Oh, they do it all right. For seven whole days. And this was several thousand years before the invention of Vaseline. The story also makes it unclear as to whether they even had meal breaks. And my dad always warned me never to fall in love with a piece of tail. Since Enkidu never had a dad to listen to like that, he blew it forever by telling Shamhat he loved her. The animals of the animal world, as if they were jilted, now rejected him. His one-ness with the animal world was broken. Reduced to common humanity, his only hope now was to make whatever connections he could with the world of man. Maybe start by getting a haircut.

Shamhat sensed that Enkidu was not too clued-in about life inside the walls of Gilgamesh’s kingdom. Enkidu had that bravado about surviving the wilderness that a person who survived the street would have. He’s all like: “Bring on Gilgamesh! There’s nobody stronger than me! I’ll panel him to the ground any day!” And Shamhat’s all like “Don’t boost. Gilgamesh is moody and will become angry at the least excuse. He is also 2/3 God and 1/3 man. You don’t have a chance.”

Meanwhile, back in the Kingdom of Uruk, Gilgamesh had been waking up from disturbing dreams. They didn’t have psychiatrists 25 centuries before Christ, so Gilgamesh went and told his mom about his dreams. His mom said with clinical detachment, I think the imagery in your dreams, coupled with your excessive closeness to your mother (referring to herself in the third person) indicates latent homosexual impulses. You are going to meet up with some guy and he is very strong, and you will become drawn to him as if he were a woman, and he will be loyal to you.

Shamhat led Enkidu to the part of the kingdom where Shepherd’s tents were, and knowing that the Wildman had arrived, the shepherds offered Enkidu their best bread and wine and laid it before him. He thought meh! and felt like going back outdoors to run up to a wild female animal and suck milk from it like he always used to. But Shamhat pussy-whipped him into staying and respecting the customs of the kingdom. He drank the wine and ate the bread, and got plastered.

While Gilgamesh and Enkidu indeed become friends, and may have even sealed the friendship with a fist bump, I don’t think Bronze Age folks dressed like this. Looks like something from the Flintstones.

Then a messenger comes into the tent bearing news that Gilgamesh is about to marry Ishtar, the Goddess of Love. Then, upon hearing Gilgamesh’s name, Enkidu becomes enraged again. It was probably the liquor that triggered the rage, but now he goes to find Gilgamesh, and Shamhat follows him out of the tent. Now, Gilgamesh will meet his match, people thought as they recognized Enkidu when he passed them in the street, and we will be rid of this arbitrary ruler once and for all. Enkidu finally met Gilgamesh, and blocked his way, which you never do with a 2/3 deity. There were no words exchanged. Just men doing what men must do. They fought like bulls, and Enkidu was thrown. In the end there were no winners, and the fury of both were spent. Each realizing that the fight ending in a draw, they became bff’s.

(With pictures from wherever, scattered all over the ‘Net)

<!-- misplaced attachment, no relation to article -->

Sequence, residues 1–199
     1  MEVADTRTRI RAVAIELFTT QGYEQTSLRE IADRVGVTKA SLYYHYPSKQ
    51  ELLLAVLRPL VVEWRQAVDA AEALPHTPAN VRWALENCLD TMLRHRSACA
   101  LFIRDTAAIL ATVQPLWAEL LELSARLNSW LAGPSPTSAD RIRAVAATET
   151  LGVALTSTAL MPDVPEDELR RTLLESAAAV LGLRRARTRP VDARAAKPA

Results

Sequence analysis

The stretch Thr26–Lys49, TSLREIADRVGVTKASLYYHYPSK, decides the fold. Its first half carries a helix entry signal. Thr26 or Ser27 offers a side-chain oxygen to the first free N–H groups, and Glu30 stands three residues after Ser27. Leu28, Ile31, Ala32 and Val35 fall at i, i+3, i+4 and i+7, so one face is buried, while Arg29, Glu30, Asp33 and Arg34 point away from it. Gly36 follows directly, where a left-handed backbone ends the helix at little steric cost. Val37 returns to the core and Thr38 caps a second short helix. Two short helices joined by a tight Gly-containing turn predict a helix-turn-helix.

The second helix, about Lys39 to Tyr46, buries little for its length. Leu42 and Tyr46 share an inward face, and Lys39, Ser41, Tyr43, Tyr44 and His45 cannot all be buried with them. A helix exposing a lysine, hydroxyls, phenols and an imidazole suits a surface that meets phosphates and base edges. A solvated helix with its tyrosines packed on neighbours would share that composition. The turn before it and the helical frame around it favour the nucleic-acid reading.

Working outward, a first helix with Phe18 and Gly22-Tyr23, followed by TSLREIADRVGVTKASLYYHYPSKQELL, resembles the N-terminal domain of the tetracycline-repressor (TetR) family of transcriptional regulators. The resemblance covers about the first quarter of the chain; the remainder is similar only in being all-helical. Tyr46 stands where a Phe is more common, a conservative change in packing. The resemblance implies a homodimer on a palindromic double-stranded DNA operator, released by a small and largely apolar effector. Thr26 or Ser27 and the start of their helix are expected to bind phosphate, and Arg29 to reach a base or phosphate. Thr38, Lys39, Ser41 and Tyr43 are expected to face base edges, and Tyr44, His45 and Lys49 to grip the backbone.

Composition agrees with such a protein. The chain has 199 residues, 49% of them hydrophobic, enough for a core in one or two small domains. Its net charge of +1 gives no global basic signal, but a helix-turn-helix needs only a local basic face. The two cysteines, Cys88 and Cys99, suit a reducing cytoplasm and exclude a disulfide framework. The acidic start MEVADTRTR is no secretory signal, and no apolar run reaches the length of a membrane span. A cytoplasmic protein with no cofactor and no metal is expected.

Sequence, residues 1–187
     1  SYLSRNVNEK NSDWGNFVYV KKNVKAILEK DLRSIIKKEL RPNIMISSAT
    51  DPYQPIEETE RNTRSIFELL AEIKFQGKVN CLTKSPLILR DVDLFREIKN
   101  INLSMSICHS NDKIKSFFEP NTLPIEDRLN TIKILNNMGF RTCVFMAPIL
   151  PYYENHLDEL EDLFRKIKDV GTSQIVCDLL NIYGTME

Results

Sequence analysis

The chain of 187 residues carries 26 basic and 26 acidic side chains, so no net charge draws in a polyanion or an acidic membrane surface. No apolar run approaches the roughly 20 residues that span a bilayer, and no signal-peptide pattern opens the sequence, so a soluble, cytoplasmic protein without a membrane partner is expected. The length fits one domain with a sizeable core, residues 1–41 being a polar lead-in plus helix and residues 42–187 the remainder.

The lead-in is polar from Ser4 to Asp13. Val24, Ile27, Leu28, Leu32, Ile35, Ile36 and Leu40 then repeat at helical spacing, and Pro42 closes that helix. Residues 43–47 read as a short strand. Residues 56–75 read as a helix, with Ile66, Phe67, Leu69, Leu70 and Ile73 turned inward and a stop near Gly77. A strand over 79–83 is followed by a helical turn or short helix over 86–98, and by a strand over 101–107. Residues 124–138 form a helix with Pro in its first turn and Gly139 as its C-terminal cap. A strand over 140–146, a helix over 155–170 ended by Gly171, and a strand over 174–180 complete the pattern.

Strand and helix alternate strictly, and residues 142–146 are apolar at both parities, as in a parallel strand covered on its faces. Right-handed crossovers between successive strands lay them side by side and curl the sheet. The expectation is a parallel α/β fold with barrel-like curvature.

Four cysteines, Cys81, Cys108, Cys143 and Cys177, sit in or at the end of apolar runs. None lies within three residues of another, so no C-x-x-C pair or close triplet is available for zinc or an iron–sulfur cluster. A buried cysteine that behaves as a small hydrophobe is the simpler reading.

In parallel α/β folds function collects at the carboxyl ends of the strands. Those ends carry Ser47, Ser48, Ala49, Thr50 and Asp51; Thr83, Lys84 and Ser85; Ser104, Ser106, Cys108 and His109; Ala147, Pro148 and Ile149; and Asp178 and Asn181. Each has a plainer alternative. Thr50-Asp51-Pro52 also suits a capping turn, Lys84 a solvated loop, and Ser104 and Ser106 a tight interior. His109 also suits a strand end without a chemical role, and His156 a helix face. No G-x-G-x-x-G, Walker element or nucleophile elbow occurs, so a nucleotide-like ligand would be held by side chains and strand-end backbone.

An Inquiry Into Junk Philosophy

[My book] should in no way be associated with that great body of factual information relating to orthodox Zen Buddhist practice. It’s not very factual on motorcycles, either. — Robert Pirsig, Zen and the Art of Motorcycle Maintenance

The above quote out of the introduction to Robert Pirsig’s book Zen and the Art of Motorcycle Maintenance should be taken as cautionary, because while his book is not factual on Zen and motorcycles, the book is also not factually correct (or correct in any other sense) regarding science, math, or even philosophy itself.

One of the first things that struck me while reading the book is how flat the characters (such as John and Sylvia Sutherland) were outside of the narrator. One sensed that the narrator had trouble distinguishing between who the characters are and who he thinks the characters are. They never appeared to have an existence outside of the mind of the narrator, and it gave an overall feeling that this whole book was setting us up for a strawman style of argumentation. Or, as Chris Edwards put it so well, that he created a shadow and was holding it “in a headlock” in an effort to debunk the shadow of an argument that he created. Along the way, Pirsig commits numerous errors in interpreting Newton, Plato, and Aristotle. In fact, just about anything he touches becomes tainted and untrustworthy. And since he insists that “Quality” has no definition, I was left to wonder: why am I wasting my time reading this? It’s an edifice of weasel-words.

I have to acknowledge that with over 4 million copies sold, the book has its adherents, and there are many people that sing its praises. I couldn’t read past his first or second debunking of science and math. Well, actually, in the style of Pirsig, it is the debunking of what Pirsig understands math and science to be. Once again, having put a stranglehold on a shadow.

I once wrote a letter to a friend listing a good deal of the problems I saw with Pirsig’s interpretation of Newton, Einstein and the early philosophers, and itemizing each one against the facts from someone (like me) who has read all of these scientists, and of philosophers like Aristotle and Plato (whom Pirsig refers to a great deal). In the years since I had sold my copy of Zen, and I can’t be bothered to itemize all of the problems here. To be sure, each utterance he made about them had problems, and one could only have been an adherent if the reader had never dabbled in philosophy, nor in the writings of Mathematicians or scientists.